Thursday, December 8, 2011

Grocery budgeting

Yesterday I mentioned that the biggest way I saved money in November was instituting a grocery budget. It all started, as most things here do, with the master, MMM, and his post about grocery shopping. Really good info, highly recommended. Jacob over at Early Retirement Extreme also had a grocery post and I internalized that too.

Here's what we do. Each weekend the girlfriend and I sit down and go over weekly specials. We'll see what meats and main course items are on sale and target three to four meals. Maybe a pasta dish, something with beans or lentils like lentil soup, grilled chicken with vegetables, that sort of thing. The other days and lunches are leftovers. Go through the flyer, look for specials, make a list of what we want to buy. Check the refrigerator and cupboards for staples we're running out of: milk, eggs, tuna, pasta, that sort of thing. Put anything that's running low on the list too. The grocery store we frequent often has this or that on super sale, like buy-two-get-three-free or buy-one-get-one-rings-half-off sales. We stock up if it has a long shelf life and it's something we would want to buy anyway.

We have a budget of $85/week. Why $85? Well it used to be $50/week (big round number), and we would get this CSA-like box of fruits and vegetables delivered once a week for around $35 (a bit expensive, but better quality produce than any of the grocery stores around here). But the vegetables built up too rapidly and since we can choose which weeks we want the veggie box and which weeks we don't, we just made it part of the weekly budget. I don't explicitly total the prices of our grocery list before we leave for the store — it's pretty easy to tell when your list is too long if you have it all written down in front of you.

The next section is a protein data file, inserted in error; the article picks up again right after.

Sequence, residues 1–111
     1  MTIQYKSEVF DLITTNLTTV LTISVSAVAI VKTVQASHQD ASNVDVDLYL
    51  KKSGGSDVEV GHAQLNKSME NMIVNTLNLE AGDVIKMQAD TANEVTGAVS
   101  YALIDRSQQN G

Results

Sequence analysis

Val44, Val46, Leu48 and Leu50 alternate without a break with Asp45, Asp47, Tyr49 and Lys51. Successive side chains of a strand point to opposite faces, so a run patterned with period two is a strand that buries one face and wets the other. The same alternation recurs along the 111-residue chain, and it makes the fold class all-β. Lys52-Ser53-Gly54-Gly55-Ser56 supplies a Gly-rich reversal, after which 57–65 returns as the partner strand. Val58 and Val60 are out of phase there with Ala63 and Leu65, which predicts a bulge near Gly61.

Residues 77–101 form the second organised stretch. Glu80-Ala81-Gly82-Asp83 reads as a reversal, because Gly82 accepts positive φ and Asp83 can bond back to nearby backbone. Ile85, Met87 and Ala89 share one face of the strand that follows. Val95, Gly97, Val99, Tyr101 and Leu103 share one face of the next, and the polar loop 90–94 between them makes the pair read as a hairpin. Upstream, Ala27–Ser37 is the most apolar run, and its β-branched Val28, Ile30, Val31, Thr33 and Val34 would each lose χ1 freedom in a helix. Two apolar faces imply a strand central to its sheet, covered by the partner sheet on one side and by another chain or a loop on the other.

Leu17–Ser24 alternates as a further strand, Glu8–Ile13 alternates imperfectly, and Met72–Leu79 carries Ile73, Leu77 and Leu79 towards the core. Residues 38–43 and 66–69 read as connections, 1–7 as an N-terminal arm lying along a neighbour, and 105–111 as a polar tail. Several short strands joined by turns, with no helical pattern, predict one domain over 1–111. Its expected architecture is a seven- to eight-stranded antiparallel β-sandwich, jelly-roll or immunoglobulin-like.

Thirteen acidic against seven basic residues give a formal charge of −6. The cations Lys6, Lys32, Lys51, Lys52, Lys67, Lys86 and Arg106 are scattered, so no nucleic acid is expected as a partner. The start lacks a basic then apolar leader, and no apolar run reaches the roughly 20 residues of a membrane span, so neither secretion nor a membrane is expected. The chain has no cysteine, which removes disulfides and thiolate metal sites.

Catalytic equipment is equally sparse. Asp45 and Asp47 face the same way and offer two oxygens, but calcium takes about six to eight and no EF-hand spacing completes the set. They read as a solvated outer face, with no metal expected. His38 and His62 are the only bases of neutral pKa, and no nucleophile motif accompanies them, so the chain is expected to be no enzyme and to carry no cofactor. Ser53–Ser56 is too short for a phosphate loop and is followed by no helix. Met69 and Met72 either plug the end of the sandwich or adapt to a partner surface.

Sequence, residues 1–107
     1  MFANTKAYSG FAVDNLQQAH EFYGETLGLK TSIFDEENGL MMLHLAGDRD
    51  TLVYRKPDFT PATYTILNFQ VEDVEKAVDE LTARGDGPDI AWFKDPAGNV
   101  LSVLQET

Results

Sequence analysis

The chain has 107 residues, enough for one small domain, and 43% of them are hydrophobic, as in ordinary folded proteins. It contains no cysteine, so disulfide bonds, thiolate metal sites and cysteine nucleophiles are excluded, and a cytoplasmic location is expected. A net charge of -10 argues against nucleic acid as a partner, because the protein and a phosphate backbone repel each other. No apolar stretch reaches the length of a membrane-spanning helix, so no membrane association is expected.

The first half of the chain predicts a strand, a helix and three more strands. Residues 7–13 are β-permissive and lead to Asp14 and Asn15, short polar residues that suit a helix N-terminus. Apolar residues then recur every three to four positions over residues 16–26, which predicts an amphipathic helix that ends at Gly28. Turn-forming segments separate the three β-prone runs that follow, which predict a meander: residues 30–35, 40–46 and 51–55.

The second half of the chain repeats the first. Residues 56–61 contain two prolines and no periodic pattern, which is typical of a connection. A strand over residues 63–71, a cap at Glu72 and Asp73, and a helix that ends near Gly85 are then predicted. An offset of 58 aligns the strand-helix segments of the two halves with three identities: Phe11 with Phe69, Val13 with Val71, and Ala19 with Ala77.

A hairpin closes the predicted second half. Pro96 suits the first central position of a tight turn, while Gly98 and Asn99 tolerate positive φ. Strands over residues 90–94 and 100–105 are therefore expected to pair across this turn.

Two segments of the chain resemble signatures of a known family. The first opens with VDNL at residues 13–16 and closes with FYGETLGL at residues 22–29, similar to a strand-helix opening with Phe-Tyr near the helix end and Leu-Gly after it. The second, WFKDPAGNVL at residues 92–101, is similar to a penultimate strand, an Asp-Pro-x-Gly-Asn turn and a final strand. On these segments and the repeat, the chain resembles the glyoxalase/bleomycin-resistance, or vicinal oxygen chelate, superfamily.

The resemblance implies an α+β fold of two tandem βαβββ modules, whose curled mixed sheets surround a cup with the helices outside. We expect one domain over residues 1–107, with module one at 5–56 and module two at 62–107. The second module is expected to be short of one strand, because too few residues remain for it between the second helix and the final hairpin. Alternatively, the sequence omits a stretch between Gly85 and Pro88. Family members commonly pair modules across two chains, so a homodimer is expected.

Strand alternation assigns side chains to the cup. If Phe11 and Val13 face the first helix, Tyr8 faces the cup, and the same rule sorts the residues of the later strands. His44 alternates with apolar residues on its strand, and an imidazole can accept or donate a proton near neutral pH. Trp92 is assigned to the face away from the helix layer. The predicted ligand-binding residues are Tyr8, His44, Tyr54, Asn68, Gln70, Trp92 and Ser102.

We go together to the grocery store, she drives the cart and I navigate. Which means I read through the list and  call out a few items at a time corresponding to what types of things we're near. Like "onions broccoli chicken" when we start and "pasta beans cereal" in the middle aisles. Sort of like Rain Man if he went grocery shopping. And I'm writing down the prices of things and totaling them and crossing them off my list.

By time we check out I know to within a dollar or two how much we're going to spend. Here's a bit of advice: always always always check your receipt. Two or three times the specials didn't ring up correctly and we were almost overcharged. Vigilance will save you money.

We've been doing this for the past four weeks and we've come in under budget every time. And guess what? We still have a fully stocked refrigerator and pantry. I don't know what we were spending hundreds of extra dollars per month on before, but I don't miss it. During week #2 we even splurged on filet mignon — half price of course. Not strictly Mustachian but hey, I'll take it.

Where does this leave us financially? Here's our grocery spending for the past few months:
  • June - $973 684*
  • July - $606
  • August - $628
  • September - $807
  • October - $831
  • November - $372

These are ball-park numbers but they're mostly categorized correctly. But do you see that? What the hell were we spending money on? How are groceries that expensive? Well, they aren't, I was just being a wussypants. We spent an average of $769 $711/month on groceries from June to October. November's bill was less than about half that.

In all, a huge epic win for Mustachianism.

* Errata: I found some items that Mint didn't categorize properly, like a liquor store purchase and home supplies at Costco.

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